A G-quadruplex-binding platinum complex induces cancer mitochondrial dysfunction in vitro and in vivo independently of ROS induction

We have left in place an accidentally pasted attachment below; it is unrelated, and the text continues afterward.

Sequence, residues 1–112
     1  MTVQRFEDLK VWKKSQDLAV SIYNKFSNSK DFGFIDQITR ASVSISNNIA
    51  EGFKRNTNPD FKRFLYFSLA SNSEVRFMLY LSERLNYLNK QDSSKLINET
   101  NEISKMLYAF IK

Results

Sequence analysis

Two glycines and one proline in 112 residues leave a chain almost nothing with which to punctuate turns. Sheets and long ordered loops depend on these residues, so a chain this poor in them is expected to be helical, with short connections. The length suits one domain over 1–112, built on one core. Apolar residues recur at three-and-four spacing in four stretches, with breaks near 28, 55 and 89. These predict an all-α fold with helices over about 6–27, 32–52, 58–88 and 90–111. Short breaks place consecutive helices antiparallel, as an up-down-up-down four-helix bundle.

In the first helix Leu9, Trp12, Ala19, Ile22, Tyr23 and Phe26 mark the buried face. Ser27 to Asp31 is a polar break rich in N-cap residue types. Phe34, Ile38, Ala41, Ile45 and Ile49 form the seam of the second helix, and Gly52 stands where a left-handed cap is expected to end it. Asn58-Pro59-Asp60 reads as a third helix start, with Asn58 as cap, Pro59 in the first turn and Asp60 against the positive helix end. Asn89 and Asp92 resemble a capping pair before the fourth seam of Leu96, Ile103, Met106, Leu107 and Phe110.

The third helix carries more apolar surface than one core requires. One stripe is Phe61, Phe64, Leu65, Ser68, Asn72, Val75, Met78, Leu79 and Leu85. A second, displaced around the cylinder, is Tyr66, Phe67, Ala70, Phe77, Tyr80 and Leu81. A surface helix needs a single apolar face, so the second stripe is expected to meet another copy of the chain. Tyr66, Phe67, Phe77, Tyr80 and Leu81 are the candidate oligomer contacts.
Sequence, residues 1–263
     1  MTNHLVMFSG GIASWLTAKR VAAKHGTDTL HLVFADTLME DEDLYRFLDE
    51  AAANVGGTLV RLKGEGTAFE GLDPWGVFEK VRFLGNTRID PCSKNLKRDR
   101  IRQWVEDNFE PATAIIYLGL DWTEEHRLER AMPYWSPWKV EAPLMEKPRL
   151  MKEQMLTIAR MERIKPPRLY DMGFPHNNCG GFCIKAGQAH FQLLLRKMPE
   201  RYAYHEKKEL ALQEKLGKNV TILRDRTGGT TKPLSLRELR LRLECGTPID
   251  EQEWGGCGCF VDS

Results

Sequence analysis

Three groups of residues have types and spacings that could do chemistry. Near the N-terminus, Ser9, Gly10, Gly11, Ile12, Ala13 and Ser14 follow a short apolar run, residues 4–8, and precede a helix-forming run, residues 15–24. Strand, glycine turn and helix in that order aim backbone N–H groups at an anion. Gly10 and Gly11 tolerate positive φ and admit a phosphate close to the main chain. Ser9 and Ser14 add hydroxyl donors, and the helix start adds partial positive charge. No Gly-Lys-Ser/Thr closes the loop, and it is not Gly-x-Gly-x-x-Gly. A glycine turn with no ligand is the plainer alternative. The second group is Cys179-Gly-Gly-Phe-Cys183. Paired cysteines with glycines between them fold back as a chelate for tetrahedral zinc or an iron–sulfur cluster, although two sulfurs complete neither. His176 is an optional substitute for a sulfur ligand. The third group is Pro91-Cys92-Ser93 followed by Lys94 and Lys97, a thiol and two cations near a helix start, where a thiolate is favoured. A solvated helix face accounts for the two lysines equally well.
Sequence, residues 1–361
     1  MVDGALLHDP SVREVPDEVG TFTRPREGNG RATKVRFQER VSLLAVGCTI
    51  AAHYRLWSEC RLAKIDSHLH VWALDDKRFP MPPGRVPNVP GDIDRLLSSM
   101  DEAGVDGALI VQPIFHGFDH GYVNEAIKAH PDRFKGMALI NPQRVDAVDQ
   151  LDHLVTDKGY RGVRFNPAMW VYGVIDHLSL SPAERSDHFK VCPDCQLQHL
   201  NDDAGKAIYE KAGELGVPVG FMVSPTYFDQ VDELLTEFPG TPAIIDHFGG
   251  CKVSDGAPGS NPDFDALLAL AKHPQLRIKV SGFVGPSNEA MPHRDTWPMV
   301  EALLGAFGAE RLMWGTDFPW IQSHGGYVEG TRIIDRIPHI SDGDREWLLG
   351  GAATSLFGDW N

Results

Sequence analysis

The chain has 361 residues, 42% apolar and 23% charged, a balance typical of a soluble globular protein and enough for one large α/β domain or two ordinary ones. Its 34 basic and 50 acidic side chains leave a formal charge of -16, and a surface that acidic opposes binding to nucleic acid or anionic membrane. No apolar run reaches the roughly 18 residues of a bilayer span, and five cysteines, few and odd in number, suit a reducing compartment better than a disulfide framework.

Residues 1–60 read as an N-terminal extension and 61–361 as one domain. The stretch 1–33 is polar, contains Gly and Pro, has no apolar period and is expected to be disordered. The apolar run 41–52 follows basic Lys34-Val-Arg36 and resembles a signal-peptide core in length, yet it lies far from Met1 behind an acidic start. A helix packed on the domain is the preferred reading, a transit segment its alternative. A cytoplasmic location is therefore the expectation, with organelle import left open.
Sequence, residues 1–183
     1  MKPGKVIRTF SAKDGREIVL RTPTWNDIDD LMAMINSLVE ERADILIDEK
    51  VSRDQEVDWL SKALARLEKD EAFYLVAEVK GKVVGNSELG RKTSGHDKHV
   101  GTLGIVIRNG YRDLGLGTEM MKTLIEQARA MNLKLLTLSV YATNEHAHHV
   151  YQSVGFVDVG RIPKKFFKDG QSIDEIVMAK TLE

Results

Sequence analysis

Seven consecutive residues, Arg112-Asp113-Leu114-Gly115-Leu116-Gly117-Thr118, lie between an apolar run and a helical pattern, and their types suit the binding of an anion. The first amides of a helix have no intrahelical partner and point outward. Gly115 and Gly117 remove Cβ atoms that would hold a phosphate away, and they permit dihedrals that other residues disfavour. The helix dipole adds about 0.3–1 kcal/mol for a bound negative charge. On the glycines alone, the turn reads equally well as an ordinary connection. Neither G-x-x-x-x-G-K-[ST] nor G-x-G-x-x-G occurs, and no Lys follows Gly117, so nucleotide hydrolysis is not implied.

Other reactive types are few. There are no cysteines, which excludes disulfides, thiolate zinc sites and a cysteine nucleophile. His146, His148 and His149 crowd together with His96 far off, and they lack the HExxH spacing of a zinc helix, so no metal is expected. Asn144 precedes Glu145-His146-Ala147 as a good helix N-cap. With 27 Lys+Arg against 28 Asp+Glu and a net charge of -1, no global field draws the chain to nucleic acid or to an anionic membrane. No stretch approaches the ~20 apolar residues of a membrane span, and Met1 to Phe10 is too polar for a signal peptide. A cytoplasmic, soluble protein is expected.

G-quadruplex DNA (G4) is a non-canonical structure forming in guanine-rich regions, which play a vital role in cancer biology and are now being acknowledged in both nuclear and mitochondrial (mt) genome. However, the impact of G4-based targeted therapy on both nuclear and mt genome, affecting mt function and its underlying mechanisms remain largely unexplored. Here, we first demonstrated that the G4-binding platinum(II) complex, Pt-ttpy, shows a highest accumulation in the mitochondria of A2780 cancer cells as compared with two other platinum(II) complexes with no/weak G4-binding properties, Pt-tpy and cisplatin. Pt-ttpy significantly induces deletion, copy number reduction and transcription inhibition of mt DNA, and it hinders the translation of mt proteins. Functional study shows that Pt-ttpy induces a potent mt dysfunction indicated by a high reduction of mt membrane potential, oxygen consumption rate and ATP synthesis, as well as toxic mt morphology switching, but without reactive oxygen species (ROS) induction. Mechanistic study by RNA-seq, Chip-seq and CUT-RUN shows Pt-ttpy impairs most nuclear-encoded mt ribosome genes’ transcription initiation through dampening the recruiting of TAF1 and NELFB to their promoter, which are highly enriched in G4 forming sequences. In vivo studies on a A2780 tumor xenograft mouse model suggest Pt-ttpy’s efficient anti-tumor effects, causing substantial disruption in mt genome function, while exhibiting less side effects compared to cisplatin. Overall, this study presents the first evidence that a G4-binding platinum(II) complex can harm cancer cell mitochondria potently without inducing ROS activity, potentially reducing side effects that shows promise in developing safer and effective platinum-based G4-binding molecules in cancer therapy.